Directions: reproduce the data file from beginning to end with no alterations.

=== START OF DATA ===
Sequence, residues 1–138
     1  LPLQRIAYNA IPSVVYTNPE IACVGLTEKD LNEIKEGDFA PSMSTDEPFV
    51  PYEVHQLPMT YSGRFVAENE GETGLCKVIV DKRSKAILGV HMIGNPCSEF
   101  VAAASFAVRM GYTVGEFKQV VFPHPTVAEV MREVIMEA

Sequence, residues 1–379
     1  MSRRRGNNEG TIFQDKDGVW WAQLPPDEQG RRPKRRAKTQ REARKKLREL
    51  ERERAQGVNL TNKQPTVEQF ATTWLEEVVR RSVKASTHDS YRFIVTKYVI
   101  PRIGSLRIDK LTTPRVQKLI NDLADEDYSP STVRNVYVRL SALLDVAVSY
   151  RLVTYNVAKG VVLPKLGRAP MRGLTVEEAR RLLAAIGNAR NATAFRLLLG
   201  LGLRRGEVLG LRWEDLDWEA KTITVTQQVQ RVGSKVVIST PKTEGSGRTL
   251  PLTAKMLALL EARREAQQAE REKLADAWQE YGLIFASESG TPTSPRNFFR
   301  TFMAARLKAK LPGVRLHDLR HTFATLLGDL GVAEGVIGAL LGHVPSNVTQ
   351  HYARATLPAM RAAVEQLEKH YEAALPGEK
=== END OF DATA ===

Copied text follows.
Sequence, residues 1–138
     1  LPLQRIAYNA IPSVVYTNPE IACVGLTEKD LNEIKEGDFA PSMSTDEPFV
    51  PYEVHQLPMT YSGRFVAENE GETGLCKVIV DKRSKAILGV HMIGNPCSEF
   101  VAAASFAVRM GYTVGEFKQV VFPHPTVAEV MREVIMEA

Sequence, residues 1–379
     1  MSRRRGNNEG TIFQDKDGVW WAQLPPDEQG RRPKRRAKTQ REARKKLREL
    51  ERERAQGVNL TNKQPTVEQF ATTWLEEVVR RSVKASTHDS YRFIVTKYVI
   101  PRIGSLRIDK LTTPRVQKLI NDLADEDYSP STVRNVYVRL SALLDVAVSY
   151  RLVTYNVAKG VVLPKLGRAP MRGLTVEEAR RLLAAIGNAR NATAFRLLLG
   201  LGLRRGEVLG LRWEDLDWEA KTITVTQQVQ RVGSKVVIST PKTEGSGRTL
   251  PLTAKMLALL EARREAQQAE REKLADAWQE YGLIFASESG TPTSPRNFFR
   301  TFMAARLKAK LPGVRLHDLR HTFATLLGDL GVAEGVIGAL LGHVPSNVTQ
   351  HYARATLPAM RAAVEQLEKH YEAALPGEK